- File: Matthew Thorsen
- Kit Rivers
How do you like your Valentine's Day — "racy," "raunchy" or "romantic"? At a February 14 reading called "My Erotic Valentine's," organized by the Renegade Writers' Collective and held at Burlington's ArtsRiot, the special day could be all three and more.
The event pairs riffing from PoJazz with saucy comedy and readings of erotic poetry and fiction by performers such as local comedian Kit Rivers. After the scheduled readings, the organizers have introduced a wild card. Audience members will have a chance to choose texts from boxes labeled with the aforementioned "R" adjectives — plus a mysterious "black box" — and read them or ask a performer to do so.
Singles and couples alike are welcome at this opportunity to heat up a frigid February.
Some people get poetic for V-day; others get the giggles. For the latter group, a special "Stupid Cupid!" installment of Vermont Comedy Club's Comedy Roulette With Chicky Winkleman series could hit the spot. The local funny guy hosts a night of comics waxing humorous about "the people, ideas, animals and objects they love" — and reading "an unusual love letter."
Viewers of PBS' "American Experience" documentary The Amish may have caught an interview with Saloma Miller Furlong, a former Vermonter who published her memoir Why I Left the Amish in 2011. Now the current Massachusetts resident is back with Bonnet Strings: An Amish Woman's Ties to Two Worlds. Appropriately for this weekend, it's partially a love story.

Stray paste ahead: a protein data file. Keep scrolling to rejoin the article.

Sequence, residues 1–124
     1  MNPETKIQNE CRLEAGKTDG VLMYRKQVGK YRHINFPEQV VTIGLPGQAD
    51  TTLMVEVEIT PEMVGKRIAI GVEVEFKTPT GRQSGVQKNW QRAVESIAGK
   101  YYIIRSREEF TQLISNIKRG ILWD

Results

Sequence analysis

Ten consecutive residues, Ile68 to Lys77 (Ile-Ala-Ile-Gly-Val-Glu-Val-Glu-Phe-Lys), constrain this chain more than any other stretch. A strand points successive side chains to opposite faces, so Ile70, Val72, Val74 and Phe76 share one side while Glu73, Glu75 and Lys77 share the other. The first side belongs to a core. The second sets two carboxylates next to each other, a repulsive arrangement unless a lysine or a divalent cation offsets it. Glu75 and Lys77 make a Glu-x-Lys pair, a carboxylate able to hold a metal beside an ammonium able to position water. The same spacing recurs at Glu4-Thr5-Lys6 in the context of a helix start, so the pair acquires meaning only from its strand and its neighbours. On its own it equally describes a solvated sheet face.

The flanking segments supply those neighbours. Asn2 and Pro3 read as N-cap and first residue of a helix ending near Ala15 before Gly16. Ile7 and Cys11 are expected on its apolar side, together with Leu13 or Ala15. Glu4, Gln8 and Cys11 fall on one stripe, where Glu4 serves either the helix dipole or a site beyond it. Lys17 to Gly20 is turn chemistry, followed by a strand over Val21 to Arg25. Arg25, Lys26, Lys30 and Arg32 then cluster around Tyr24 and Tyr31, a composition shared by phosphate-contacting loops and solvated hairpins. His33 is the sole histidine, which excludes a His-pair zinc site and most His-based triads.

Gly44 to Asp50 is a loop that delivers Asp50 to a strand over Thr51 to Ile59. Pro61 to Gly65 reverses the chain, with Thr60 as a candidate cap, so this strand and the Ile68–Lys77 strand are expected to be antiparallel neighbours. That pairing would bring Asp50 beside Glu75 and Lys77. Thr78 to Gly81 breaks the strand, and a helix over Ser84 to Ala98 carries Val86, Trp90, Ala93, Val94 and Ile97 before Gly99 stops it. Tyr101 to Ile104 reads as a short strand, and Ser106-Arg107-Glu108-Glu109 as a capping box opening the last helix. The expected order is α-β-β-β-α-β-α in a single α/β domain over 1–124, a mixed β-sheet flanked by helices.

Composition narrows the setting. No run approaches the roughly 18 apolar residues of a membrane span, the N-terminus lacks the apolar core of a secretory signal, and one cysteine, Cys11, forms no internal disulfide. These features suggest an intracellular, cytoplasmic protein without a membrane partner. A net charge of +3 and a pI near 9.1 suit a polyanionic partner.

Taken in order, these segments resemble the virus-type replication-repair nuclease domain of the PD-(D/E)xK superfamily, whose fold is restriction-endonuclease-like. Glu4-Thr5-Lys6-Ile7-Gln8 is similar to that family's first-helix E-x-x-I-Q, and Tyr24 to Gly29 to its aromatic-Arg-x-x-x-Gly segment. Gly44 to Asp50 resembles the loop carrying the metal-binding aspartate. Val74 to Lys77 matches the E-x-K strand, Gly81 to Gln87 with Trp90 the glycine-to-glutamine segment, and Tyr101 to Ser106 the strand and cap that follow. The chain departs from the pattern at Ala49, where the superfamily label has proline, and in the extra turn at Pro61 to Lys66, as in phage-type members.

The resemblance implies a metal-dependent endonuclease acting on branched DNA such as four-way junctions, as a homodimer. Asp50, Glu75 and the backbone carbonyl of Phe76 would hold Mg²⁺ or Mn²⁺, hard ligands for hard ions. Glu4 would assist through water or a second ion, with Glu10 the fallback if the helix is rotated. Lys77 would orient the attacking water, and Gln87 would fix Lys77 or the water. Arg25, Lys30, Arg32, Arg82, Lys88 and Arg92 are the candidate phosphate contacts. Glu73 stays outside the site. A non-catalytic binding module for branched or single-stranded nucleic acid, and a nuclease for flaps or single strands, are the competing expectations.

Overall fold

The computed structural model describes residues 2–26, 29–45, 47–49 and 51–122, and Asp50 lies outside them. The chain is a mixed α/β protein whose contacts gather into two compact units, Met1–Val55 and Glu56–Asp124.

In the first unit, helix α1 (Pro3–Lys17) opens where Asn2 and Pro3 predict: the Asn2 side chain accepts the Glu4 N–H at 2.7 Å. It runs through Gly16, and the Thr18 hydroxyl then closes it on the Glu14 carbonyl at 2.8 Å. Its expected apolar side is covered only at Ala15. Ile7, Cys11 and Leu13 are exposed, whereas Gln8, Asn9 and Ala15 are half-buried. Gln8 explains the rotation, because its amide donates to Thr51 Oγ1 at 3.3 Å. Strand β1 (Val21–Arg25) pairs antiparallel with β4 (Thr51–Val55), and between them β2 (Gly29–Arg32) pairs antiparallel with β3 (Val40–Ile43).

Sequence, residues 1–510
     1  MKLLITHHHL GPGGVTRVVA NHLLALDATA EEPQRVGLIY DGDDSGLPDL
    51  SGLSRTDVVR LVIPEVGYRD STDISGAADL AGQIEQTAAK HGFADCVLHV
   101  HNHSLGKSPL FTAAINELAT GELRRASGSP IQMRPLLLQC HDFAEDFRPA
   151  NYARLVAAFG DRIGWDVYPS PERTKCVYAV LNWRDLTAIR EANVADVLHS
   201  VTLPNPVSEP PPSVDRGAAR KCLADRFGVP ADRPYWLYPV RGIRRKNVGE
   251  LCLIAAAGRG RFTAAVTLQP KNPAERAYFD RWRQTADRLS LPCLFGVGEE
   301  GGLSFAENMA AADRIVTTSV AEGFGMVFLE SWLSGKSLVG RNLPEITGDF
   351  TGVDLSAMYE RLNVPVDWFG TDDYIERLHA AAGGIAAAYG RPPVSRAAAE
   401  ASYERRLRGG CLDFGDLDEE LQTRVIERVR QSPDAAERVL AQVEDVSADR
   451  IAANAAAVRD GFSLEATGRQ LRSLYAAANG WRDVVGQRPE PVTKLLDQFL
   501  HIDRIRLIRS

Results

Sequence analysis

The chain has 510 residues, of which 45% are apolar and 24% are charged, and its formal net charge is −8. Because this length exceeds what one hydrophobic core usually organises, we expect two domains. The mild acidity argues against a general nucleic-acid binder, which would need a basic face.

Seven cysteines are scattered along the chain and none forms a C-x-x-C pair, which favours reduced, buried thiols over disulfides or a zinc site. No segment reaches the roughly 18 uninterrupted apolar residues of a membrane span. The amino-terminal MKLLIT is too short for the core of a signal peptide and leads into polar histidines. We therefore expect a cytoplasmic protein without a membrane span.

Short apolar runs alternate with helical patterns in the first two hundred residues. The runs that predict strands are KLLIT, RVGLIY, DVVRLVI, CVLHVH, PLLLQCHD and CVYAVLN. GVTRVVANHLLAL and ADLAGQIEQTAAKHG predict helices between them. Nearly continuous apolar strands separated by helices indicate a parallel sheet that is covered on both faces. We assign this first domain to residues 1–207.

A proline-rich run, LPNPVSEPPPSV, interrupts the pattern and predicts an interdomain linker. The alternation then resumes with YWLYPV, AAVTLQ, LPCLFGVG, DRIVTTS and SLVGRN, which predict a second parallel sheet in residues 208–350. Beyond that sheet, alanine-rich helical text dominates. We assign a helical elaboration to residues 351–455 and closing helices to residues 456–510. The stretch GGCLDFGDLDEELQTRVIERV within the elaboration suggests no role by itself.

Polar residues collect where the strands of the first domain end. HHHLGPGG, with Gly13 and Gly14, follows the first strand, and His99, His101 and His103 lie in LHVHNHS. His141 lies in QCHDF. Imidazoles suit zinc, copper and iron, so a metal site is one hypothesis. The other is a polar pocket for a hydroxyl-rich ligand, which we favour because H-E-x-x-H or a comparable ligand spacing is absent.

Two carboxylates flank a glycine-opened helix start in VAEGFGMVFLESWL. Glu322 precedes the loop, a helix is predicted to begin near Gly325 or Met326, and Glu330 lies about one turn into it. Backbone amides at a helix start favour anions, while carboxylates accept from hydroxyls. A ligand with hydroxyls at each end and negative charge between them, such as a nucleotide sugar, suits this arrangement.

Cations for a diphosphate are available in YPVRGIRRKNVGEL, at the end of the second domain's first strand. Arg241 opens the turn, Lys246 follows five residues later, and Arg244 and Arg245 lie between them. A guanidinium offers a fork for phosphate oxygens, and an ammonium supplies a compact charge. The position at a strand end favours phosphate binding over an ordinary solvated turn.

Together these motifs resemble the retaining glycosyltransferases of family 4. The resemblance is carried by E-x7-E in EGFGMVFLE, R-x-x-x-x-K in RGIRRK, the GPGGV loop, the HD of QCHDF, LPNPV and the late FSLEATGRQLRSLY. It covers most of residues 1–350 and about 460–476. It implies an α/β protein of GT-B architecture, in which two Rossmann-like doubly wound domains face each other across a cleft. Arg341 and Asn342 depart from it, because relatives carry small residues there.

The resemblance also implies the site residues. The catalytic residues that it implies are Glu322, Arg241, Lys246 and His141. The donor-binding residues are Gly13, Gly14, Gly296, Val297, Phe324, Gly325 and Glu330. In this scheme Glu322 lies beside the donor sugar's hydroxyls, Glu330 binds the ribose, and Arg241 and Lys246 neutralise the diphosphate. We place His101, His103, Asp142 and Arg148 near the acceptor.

Published by Mennonite-affiliated Herald Press, the book tells the tale of how the young Furlong fled from her Ohio home to Burlington, where she met the Vermonter who would eventually become her husband. First, however, their love had to weather the efforts of the young woman's Amish community to bring her back into the fold, a struggle that lasted for years. Furlong will discuss her book this Sunday at the Fletcher Free Library, not far from the (former) YWCA where she found her first Vermont refuge.
Public readings are a great opportunity to discover new books and authors — but they're not always easy to fit into busy schedules. Thanks to "The Authors," a new collaboration between Phoenix Books and the Champlain Valley's Regional Educational Television Network (RETN), now you can catch bookstore readings you missed on TV or online.
Currently you can watch 18 Phoenix readings from 2013 on RETN's website, including Archer Mayor plugging his latest Vermont mystery, Three Can Keep a Secret. Or catch the episodes on TV each Thursday at 8 p.m.: On February 13, Guilford author Michael Nethercott reads from The Séance Society, his debut mystery set in the world of 1950s spiritualism.